Energy, Latest News, State Government

PSC green-lights Longview Power gas and solar plant projects

MORGANTOWN — The state Public Service Commission has given its green light to construction of two new Longview Power plants: one gas fired, one solar.

The PSC issued its order Friday. The order approves citing certificates submitted by Longview Power II and Longview Renewable Power, daughter companies of Longview Power, which operates the existing coal-fired plant near Maidsville. Longview II would operate the gas-fired plant; Longview Renewable, the solar.

PSC also approved a certificate of public convenience and necessity for a 5,500-foot (3,600 feet of it in West Virginia) high-voltage transmission line to connect the project to the North Longview Switchyard owned and operated by West Penn Power.

Longview II would be a 1,200 megawatt powered by two high-efficiency, low-heat-rate gas turbines and occupy about 54 acres of reclaimed mine land north of and adjacent to the existing plant. Longview Renewable will consist of solar panel array fields generating about 70 MW of power: four West Virginia arrays producing 20 MW and covering 127 acres near the existing plant, and 50 MW just across the Pennsylvania border.

The order comes with 17 conditions agreed to by Longview, the PSC and stakeholders. They include:

At least 30 days before construction, Longview will file with the PSC executed copies of the payment-in-lieu-of-taxes (PILOT) and lease agreements with Monongalia County. (Either the county or the Mon County Development Authority will own the project and lease it back to Longview).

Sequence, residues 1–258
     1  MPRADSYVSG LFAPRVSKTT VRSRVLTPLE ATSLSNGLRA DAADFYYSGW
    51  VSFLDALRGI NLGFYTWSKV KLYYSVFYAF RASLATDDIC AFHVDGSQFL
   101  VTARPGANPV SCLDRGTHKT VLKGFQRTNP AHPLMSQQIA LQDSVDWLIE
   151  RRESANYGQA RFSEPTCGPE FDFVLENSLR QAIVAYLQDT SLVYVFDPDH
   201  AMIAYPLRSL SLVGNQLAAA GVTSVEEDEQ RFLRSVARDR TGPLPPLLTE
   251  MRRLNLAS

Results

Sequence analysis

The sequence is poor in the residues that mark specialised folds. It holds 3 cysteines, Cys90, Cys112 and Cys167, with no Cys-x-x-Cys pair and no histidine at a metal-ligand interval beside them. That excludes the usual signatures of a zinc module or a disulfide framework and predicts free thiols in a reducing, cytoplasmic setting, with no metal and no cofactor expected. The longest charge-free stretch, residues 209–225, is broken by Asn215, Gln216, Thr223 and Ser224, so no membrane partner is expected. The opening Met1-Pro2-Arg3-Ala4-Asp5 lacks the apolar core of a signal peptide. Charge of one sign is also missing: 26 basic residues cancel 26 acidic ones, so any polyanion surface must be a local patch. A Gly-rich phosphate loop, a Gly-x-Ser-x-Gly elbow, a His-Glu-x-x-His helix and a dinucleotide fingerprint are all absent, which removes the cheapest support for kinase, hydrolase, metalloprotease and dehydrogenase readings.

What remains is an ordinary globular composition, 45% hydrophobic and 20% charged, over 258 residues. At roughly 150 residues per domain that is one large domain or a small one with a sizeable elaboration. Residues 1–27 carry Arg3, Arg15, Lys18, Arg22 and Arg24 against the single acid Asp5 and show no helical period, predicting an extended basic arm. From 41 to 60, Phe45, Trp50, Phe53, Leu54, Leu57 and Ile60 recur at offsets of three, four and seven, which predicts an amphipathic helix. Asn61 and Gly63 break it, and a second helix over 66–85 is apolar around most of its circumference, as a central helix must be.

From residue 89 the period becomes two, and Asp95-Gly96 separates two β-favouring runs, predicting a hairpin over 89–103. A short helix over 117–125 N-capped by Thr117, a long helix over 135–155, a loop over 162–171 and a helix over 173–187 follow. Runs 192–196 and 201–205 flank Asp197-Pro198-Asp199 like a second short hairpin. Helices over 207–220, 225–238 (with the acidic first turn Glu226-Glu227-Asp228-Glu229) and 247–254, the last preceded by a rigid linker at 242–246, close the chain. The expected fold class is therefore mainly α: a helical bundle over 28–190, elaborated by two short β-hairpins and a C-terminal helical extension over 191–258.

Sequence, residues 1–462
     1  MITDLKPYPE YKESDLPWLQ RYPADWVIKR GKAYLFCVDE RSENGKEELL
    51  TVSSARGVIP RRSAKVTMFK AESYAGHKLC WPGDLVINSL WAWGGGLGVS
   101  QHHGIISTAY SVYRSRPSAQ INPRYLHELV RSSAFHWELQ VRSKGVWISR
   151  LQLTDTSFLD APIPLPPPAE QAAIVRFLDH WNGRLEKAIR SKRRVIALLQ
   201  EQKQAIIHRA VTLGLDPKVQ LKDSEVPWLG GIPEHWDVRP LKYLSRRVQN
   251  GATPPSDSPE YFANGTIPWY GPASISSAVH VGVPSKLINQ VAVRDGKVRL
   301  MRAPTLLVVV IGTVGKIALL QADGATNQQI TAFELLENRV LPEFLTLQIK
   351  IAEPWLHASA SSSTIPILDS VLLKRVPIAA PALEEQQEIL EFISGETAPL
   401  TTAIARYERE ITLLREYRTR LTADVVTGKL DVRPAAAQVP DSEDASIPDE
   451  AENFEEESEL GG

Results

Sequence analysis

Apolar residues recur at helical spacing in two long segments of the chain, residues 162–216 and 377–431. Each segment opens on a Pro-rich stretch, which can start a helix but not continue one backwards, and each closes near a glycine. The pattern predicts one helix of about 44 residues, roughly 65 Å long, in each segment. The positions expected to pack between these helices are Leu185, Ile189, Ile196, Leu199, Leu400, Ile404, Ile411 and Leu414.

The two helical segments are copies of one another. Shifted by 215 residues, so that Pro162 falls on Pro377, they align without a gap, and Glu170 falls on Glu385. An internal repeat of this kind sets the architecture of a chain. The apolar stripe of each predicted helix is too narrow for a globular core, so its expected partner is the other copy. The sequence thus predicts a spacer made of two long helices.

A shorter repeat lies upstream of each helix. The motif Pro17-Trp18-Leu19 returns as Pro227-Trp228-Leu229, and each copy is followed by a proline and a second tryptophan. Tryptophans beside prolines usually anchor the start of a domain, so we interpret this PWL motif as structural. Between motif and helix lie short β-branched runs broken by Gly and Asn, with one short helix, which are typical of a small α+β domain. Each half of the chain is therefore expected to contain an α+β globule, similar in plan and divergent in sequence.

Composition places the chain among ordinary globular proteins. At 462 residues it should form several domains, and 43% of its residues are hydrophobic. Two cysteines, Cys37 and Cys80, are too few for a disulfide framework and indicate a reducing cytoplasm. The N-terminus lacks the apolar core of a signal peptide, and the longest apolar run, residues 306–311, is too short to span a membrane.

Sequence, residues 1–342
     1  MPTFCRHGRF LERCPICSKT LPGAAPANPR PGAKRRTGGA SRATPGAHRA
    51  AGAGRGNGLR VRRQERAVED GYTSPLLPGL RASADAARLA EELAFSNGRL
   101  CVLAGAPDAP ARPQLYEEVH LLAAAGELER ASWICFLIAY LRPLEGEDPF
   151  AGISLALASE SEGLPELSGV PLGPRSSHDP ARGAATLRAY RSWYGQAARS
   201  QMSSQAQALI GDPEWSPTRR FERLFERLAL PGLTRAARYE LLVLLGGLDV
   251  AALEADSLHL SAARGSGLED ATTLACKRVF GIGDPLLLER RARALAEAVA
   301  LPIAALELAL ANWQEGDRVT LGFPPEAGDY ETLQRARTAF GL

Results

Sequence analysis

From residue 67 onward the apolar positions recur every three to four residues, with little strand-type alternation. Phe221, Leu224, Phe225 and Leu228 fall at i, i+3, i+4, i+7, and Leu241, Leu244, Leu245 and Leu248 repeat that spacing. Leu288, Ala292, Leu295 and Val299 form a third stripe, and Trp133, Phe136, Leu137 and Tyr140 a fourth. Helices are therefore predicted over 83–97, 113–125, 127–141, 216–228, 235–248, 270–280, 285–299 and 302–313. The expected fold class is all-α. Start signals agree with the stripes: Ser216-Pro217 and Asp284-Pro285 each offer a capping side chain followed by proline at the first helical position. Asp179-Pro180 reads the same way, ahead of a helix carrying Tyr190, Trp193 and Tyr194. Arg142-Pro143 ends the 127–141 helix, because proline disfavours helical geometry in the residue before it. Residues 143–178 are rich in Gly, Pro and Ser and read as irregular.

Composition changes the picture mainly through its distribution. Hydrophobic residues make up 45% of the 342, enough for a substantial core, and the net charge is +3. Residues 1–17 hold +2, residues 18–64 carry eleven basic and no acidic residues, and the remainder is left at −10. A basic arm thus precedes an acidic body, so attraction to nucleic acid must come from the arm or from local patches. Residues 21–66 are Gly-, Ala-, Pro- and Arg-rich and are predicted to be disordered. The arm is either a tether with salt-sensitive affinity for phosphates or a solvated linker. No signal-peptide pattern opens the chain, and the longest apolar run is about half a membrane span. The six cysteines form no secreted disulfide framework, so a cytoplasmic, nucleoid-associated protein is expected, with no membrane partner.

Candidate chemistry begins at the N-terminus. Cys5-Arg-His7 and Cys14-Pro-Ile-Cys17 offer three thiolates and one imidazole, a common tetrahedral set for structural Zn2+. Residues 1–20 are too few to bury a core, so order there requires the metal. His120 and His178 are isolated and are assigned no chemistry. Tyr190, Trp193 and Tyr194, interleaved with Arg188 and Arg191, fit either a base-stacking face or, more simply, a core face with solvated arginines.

Construction may not block roads by changing shifts or heavy haul while school buses are scheduled to be on the road within one mile of the site.

Longview will consult with the Division of Highways regarding possible construction of a right-turn lane on the southbound CR 53, Fort Martin Road, approach to the site. To minimize traffic, construction traffic will approach the plant from the north on Fort Martin Road.

Longview will build the planned recreational park at the site and provide reasonable public access to it, while maintaining control over access.

The order notes that Longview has entered into a memorandum of agreement, which the PSC has approved, with the West Virginia State Building and Trades Council to use local labor paid union wages and fringe benefits.

Supporting its decision, the PSC notes, among other things, that the evidence establishes a need for the project in the PJM regional power grid. The project will provide a positive impact on local employment and the local and state economies. It won’t cause substantial traffic problems.

Longview estimates that Longview II will cost $925 million to build; Longview Renewable will cost $76 million, with $31 million of that on the West Virginia side. The two projects will create 2,835 job-years with $219.5 million in wages.

The first year of Longview II will create 618 full- and part-time jobs and $43 million in wages; Longview Renewable will create 10 full- and part-time jobs and $640,000 in wages.

The proposed PILOT agreement for the two plants would provide the county with about $58.2 million across 30 years. Annual county revenue from the proposed PILOT is projected at $2.5 million up front, then gradually escalating from $1.58 million per year for the first five years up to $2.47 million in year 30. If Longview built both plants across the border, Greene County would receive only $23 million.

The PSC order observes that the project, when combined with the existing, adjacent 710 MW coal-fired facility owned by affiliate Longview Power, LLC could produce nearly 2,000 MW of generating capacity. The gas facility “will include two advanced class gas turbines with a high efficiency, secondary cycle steam turbine system that will result in class-leading plant efficiency or heat rate.”

Locating the new project in close proximity to the coal-fired facility, the PSC said, will allow the existing and new facilities to use the currently installed infrastructure, including water, steam, and power.

Longview plans to complete construction by March 2024, the PSC said.

Tweet David Beard @dbeardtdp Email